The Chargé in Cuba (Reed) to the Secretary of State

No. 1411

Sir: I have the honor to report that on November 1, 1932, elections will be held in Cuba to select 69 representatives, governors and provincial councillors in the six provinces and mayors and municipal councillors in all the municipalities. One senator is to be elected in Camagüey and one in Pinar del Río, to fill vacancies caused by deaths.

Interest in the elections has been so slight that I have not thought it worth while to burden the Department with accounts of the progress of the campaign. In Habana the attitude of the public is apathetic, [Page 561] while in the smaller cities and rural districts the contest has centered around the personalities of the opposing candidates rather than the principles and platforms of the different parties.

The Government has repeatedly proclaimed its impartiality and announced that all possible measures were being adopted to prevent frauds and ensure freedom of voting. Military supervisers have been sent to many districts where there was indication of strife or where bitterness between candidates and their supporters had already resulted in bloodshed. There have been a number of such affrays, in one of which 3 persons were killed. No public meetings of a political nature have been permitted anywhere in the island.

As regards the probable results of the elections, it may be predicted with absolute safety that they will in no way affect the administration’s control of congress, excepting in so far as its large majority consisting of Liberals, Populars and Coöperating Conservatives may be increased. In the provincial governments some changes may occur. The Conservatives are not attempting seriously to challenge the Liberal strength in the four eastern provinces, but in Pinar del Río, long a Conservative stronghold, the Liberals appear to have a fair chance of victory.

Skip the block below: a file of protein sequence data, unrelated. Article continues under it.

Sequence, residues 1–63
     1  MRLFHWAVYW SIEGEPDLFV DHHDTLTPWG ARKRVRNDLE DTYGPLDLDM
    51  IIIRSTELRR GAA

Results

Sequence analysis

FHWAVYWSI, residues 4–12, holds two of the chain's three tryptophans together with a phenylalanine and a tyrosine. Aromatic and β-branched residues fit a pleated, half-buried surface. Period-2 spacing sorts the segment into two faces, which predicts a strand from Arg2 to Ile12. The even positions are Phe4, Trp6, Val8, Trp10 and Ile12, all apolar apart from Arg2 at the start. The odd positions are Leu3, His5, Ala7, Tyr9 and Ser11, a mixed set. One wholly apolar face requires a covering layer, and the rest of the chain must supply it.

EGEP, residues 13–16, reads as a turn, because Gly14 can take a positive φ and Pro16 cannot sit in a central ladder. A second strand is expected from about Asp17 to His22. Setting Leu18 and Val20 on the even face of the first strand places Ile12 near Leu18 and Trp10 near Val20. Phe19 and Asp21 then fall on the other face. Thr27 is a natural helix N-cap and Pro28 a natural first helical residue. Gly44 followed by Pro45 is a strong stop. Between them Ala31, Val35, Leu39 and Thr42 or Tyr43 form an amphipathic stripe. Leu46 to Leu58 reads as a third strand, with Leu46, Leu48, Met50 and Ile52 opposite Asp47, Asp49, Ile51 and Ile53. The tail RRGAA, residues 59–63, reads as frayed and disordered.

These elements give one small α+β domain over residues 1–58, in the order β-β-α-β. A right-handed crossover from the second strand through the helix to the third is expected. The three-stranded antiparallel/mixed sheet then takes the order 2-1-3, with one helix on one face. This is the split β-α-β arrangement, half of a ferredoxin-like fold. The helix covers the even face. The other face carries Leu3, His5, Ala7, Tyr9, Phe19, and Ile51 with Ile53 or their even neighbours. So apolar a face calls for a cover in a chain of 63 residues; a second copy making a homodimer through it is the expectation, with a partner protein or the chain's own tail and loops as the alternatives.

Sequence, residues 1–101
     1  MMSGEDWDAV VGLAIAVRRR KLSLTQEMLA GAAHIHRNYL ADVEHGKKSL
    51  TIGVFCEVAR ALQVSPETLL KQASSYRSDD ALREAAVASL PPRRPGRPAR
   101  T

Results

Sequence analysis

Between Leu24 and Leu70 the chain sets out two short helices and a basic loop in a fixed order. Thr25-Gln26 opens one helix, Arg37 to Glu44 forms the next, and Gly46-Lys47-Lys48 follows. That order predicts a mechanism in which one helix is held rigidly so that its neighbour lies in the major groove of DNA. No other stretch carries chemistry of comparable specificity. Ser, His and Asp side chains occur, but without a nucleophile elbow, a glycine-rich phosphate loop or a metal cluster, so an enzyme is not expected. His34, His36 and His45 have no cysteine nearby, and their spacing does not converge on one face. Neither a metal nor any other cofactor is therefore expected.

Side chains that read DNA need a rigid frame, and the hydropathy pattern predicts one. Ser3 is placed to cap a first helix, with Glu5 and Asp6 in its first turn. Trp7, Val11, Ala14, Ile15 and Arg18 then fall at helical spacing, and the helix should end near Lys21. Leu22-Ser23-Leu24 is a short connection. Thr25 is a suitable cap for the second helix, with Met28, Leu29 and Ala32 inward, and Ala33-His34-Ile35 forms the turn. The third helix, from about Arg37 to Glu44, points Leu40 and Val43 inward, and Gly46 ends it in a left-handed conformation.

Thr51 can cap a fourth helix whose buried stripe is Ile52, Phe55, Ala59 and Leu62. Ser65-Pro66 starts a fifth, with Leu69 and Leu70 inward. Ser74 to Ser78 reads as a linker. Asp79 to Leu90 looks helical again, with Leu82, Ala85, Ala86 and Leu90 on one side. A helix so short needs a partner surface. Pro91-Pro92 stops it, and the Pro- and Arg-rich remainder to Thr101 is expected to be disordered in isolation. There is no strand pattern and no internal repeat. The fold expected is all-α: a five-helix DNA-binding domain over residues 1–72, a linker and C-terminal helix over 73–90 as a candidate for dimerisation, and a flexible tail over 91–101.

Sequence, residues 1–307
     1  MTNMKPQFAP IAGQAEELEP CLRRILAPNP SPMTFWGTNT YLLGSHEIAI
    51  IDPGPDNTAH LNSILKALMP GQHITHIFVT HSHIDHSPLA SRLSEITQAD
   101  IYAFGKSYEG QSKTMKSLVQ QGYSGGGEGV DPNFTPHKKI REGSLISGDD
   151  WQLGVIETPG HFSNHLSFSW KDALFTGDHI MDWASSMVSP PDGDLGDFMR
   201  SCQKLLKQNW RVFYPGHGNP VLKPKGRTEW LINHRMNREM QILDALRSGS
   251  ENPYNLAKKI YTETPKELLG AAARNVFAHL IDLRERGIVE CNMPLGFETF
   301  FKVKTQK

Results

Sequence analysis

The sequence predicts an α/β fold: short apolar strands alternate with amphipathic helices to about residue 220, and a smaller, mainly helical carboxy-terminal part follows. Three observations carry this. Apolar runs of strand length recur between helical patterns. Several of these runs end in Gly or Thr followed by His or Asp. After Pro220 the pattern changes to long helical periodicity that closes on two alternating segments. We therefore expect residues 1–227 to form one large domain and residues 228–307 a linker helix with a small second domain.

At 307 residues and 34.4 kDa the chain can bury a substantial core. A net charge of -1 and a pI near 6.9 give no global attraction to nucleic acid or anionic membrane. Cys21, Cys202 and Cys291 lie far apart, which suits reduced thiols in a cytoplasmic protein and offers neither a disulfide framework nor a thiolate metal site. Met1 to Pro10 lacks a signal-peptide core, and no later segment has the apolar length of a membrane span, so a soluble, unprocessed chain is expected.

In Habana Province the principal opposing candidates for governor are the present Liberal incumbent, Antonio Ruiz, and President Machado’s son-in-law, José Emilio Obregon. The latter’s acceptance of the Conservative candidacy caused considerable surprise and conjecture in view of the President’s position in the Liberal Party. It is, however, not known whether he has acted with or without the consent of his father-in-law. The fact that he has been plentifully supplied with funds for campaign purposes would seem to indicate that there has been no complete estrangement between them, but if Obregon is in fact receiving support from the President, the motive is not easily apparent. The governorship of a province in Cuba is neither a very influential nor remunerative position. The only possible explanation would be that the President desires to have a representative of his family in the higher councils of the Conservative Party. On the other hand, the theory that Obregon is acting independently of, if not in opposition to, his father-in-law’s wishes finds support in the fact that a decree has been issued denying the national police of Habana the right to vote in the elections. It is recalled that the defeat of the Liberal candidate for mayor of Habana by Miguel Mariano Gómez in 1926 was attributed to the large vote given the latter by the Habana police.

Respectfully yours,

Edward L. Reed